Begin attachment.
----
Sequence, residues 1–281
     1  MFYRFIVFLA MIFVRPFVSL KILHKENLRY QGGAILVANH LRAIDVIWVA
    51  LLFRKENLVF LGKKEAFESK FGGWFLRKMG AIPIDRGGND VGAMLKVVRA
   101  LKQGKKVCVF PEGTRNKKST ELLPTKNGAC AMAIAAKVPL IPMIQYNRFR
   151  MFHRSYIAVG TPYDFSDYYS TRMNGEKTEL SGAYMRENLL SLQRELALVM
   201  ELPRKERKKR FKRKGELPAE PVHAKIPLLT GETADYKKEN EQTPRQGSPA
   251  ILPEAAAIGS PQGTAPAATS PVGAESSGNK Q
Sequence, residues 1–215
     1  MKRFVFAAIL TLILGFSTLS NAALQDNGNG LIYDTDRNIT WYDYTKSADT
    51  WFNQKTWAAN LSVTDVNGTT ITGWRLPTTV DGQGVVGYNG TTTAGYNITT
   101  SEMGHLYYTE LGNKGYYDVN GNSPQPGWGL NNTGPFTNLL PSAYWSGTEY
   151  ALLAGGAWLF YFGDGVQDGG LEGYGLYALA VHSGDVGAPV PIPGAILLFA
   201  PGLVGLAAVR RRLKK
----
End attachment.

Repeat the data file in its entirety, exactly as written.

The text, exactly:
Sequence, residues 1–281
     1  MFYRFIVFLA MIFVRPFVSL KILHKENLRY QGGAILVANH LRAIDVIWVA
    51  LLFRKENLVF LGKKEAFESK FGGWFLRKMG AIPIDRGGND VGAMLKVVRA
   101  LKQGKKVCVF PEGTRNKKST ELLPTKNGAC AMAIAAKVPL IPMIQYNRFR
   151  MFHRSYIAVG TPYDFSDYYS TRMNGEKTEL SGAYMRENLL SLQRELALVM
   201  ELPRKERKKR FKRKGELPAE PVHAKIPLLT GETADYKKEN EQTPRQGSPA
   251  ILPEAAAIGS PQGTAPAATS PVGAESSGNK Q
Sequence, residues 1–215
     1  MKRFVFAAIL TLILGFSTLS NAALQDNGNG LIYDTDRNIT WYDYTKSADT
    51  WFNQKTWAAN LSVTDVNGTT ITGWRLPTTV DGQGVVGYNG TTTAGYNITT
   101  SEMGHLYYTE LGNKGYYDVN GNSPQPGWGL NNTGPFTNLL PSAYWSGTEY
   151  ALLAGGAWLF YFGDGVQDGG LEGYGLYALA VHSGDVGAPV PIPGAILLFA
   201  PGLVGLAAVR RRLKK